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Saving Private Ryan
Album Cover Art
Composed, Conducted, and Produced by:

Performed by:
The Boston Symphony Orchestra and The Tanglewood Festival Chorus

Brass Solos by:
Tim Morrison

Orchestrated by:
John Neufeld
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Dreamworks Records
(July 21st, 1998)
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Regular U.S. release.
Winner of a Grammy Award and nominated for a Golden Globe, a BAFTA Award, and an Academy Award.
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Availability | Awards | Viewer Ratings | Comments | Audio & Track Listings | Notes
Buy it... only if you are a true John Williams collector, for Saving Private Ryan is among the maestro's least enjoyable stand-alone listening experiences.

Avoid it... if you expect the dramatic weight of the music for Schindler's List or the dynamic, engaging appeal of Williams' other famous scores for Steven Spielberg's films.
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WRITTEN 7/21/98, REVISED 3/11/08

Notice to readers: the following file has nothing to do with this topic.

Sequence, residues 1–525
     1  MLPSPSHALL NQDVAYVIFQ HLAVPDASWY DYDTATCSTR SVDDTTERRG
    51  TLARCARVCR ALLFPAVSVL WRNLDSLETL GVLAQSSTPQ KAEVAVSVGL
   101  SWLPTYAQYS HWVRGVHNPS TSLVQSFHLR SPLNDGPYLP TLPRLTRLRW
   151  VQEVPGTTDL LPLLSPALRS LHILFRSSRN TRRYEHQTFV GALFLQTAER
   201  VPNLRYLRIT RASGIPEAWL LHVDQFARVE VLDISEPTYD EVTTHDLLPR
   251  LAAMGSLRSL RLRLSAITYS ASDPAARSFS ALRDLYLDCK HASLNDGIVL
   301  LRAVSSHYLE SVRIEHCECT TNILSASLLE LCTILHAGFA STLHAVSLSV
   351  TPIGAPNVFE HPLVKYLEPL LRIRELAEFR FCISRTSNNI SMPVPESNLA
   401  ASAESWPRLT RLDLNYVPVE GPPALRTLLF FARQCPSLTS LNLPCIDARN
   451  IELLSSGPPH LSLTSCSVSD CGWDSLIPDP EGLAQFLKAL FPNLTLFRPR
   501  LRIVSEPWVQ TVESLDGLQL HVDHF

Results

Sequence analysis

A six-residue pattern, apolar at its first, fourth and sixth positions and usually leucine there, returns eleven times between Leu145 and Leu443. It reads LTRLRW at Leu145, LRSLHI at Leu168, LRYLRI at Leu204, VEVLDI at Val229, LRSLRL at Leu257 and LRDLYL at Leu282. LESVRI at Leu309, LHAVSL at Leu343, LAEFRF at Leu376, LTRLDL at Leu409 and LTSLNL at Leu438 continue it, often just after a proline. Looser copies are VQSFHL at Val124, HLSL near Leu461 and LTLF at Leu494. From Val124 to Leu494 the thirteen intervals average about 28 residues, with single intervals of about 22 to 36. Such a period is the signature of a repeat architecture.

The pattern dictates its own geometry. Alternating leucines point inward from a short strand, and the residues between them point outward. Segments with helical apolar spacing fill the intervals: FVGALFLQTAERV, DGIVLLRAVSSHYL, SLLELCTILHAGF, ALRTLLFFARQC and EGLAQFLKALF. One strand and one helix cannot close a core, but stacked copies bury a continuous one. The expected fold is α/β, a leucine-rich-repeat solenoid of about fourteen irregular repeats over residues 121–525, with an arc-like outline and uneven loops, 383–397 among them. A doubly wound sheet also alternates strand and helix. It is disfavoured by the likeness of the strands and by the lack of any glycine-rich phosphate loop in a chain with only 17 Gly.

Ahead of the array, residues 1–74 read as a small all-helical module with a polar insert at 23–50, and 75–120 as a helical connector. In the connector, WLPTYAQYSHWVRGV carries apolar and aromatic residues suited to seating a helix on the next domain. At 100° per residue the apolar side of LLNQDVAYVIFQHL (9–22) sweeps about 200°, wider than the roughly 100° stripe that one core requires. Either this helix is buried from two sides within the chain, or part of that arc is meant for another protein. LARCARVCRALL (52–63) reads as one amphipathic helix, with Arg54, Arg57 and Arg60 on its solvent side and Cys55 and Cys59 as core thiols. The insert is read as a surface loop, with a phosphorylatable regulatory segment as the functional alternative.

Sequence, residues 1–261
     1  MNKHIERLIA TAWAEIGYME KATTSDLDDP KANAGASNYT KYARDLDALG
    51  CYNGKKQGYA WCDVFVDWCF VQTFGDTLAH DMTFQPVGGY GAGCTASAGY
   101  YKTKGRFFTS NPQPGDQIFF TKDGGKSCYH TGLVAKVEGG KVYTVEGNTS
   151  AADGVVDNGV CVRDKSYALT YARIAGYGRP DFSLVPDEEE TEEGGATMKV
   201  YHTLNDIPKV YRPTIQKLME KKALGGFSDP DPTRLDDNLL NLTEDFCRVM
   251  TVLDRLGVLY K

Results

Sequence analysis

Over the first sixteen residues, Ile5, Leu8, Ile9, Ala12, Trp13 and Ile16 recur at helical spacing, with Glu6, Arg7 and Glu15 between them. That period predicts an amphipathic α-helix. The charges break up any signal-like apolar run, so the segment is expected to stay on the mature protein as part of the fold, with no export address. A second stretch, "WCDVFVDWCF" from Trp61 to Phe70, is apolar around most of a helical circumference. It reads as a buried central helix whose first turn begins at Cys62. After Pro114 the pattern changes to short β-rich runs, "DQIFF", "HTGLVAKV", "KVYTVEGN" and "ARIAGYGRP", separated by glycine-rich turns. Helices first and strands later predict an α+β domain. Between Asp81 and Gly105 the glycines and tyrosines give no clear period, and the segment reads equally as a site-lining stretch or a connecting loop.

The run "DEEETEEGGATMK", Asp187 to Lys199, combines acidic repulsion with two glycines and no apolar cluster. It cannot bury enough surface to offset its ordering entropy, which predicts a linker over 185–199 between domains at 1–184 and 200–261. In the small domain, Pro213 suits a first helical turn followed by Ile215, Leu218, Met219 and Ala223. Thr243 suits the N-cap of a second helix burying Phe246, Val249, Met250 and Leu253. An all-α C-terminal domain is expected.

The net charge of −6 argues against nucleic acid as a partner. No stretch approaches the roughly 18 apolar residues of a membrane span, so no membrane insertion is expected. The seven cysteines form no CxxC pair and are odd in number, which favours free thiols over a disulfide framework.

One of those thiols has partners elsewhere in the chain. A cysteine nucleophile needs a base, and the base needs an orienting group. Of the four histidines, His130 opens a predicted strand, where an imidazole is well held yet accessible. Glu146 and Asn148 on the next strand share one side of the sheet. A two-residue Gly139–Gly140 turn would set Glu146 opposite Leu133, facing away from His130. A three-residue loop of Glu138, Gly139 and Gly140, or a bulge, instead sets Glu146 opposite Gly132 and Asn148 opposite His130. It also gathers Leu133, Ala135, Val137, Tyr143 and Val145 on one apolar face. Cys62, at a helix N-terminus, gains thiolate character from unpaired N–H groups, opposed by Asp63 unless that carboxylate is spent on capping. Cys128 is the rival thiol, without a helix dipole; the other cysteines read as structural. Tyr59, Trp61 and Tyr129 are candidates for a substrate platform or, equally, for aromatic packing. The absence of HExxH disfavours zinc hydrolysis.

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Saving Private Ryan: (John Williams) Director Steven Spielberg's two World War II masterpieces of the 1990's unanimously rank among the top war films of all time, but whereas Schindler's List used the greater concepts of good and evil to jerk your tears, Saving Private Ryan did so with the terrifyingly realistic depiction of the lives of common soldiers. The film easily swept through 1998 with the most consistently positive critical reviews seen in years, and only the brutal and gory nature of the story's execution (which almost gained the film an NC-17 rating) deterred audiences enough to quell the overwhelming popular interest that usually accompanied a Spielberg film. Robert Rodat's screenplay, Spielberg's direction, and an ensemble cast that acts with subtlety cause a compelling tale of the American military's attempt to return one soldier home from France to convey a level of respect rarely seen on film. The emotionally powerful production left Spielberg's usual collaborating composer, John Williams, in a difficult position. Williams' scores for Spielberg films, including Schindler's List, were a sure ticket to dramatic success, and yet, Saving Private Ryan presented a number of unique challenges for the maestro. First, the film's major scenes of action would be absent any music, allowing the explosively impressive sound effects editing to more accurately represent the atmosphere of combat. Secondly, the music that Williams provided would amount to less than an hour in length and was to be mixed during only transitional scenes that allowed audiences a temporary break. As such, the score's presence was not dominant enough to allow for significant thematic development for the plethora of characters in Private Ryan's unit. At best, Williams could only provide an overarching representation for their struggle together, and within the short confines of his occasional synchronization points, any development of those ideas would be minimal. Finally, the film had used the dramatic theme to Marc Shaiman's The American President over its highly popular trailers, and that music is about as far from the restrained approach that Williams would take with the film as possible.